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A Mariner in Licey

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Mike Marjama played for the Tigres del Licey this winter, and was kind enough to share his experiences

Every offseason, with decades-long regularity, dozens of professional baseball players in the United States flock south, like large, athletically-talented migratory birds, to the Caribbean Winter Leagues. They scatter to teams throughout Puerto Rico, the Dominican Republic, Mexico, and Venezuela (Cuba runs winter leagues as well, and competes in the Serie del Caribe with the aforementioned four, but does not currently allow non-Cubans to play, nor do they allow defectors to return), based often on their connections with the managers or GMs of these respective organizations.

For many Latino MLB players returning to their native countries it’s about pride in their history, pride in where they come from. It’s about returning home. For Mike Marjama it was the absence of home that made playing in the Dominican Winter Leagues (Liga de Béisbol Profesional de la República Dominicana, often referred to as the LIDOM) so compelling. “I wanted to start getting comfortable being uncomfortable,” said the Mariners backup catcher. “I wanted to put myself in a situation where I was a minority, where I didn’t speak the language. In those situations there’s a lot of pressure, like in the big leagues, and by getting acclimated to being uncomfortable you can learn how to deal with it and control the controllables.” He was also inspired by the experiences of former teammate Willy Adames, as well as the stories from Robinson Canó and Nelson Cruz. “They can tell you stories about their lives in the Dominican, and you can nod along, but I truly don’t believe you can understand it until you’re actually there. You have a newfound appreciation for what those guys have gone through to get to where they are now.”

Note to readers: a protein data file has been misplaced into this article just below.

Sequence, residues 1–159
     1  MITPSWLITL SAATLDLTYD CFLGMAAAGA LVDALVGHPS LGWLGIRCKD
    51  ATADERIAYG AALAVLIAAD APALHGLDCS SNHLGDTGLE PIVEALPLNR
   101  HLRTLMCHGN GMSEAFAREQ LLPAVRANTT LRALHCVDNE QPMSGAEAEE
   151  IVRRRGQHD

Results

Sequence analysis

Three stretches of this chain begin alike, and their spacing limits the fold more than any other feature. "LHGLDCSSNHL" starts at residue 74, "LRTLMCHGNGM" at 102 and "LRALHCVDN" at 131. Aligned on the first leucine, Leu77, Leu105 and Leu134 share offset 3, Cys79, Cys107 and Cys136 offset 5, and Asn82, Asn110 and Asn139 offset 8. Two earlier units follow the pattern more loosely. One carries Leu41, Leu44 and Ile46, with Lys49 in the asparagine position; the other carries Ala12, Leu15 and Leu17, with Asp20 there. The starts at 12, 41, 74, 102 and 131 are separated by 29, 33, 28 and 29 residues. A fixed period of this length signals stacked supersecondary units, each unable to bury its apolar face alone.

In recent years there has been a steady decline in the number of big-name major leaguers playing in the Caribbean Winter Leagues. Perhaps this is because of the political unrest in some of the leagues’ countries, and the safety risks that poses (in November of 2011 Willson Ramos was kidnapped while visiting his mother in Venezuela and, just last night, Elias Diaz’s mother was rescued after she too was kidnapped there). It could also be that players have grown more weary of the physical risks of playing through the offseason, as seen when Jesús Sucre broke his leg while playing winter ball in Venezuela. In all likelihood the decrease of stars in the winter leagues is likely a combination of those two challenges, and evolving personal preferences. Unlike Ozzie Guillen, who infamously ranted to the Chicago Tribune that “no player should play [in the winter leagues],” Mike Marjama is effusive in his praise of the experience, calling it a “once in a lifetime opportunity to get to go to the Dominican and play.”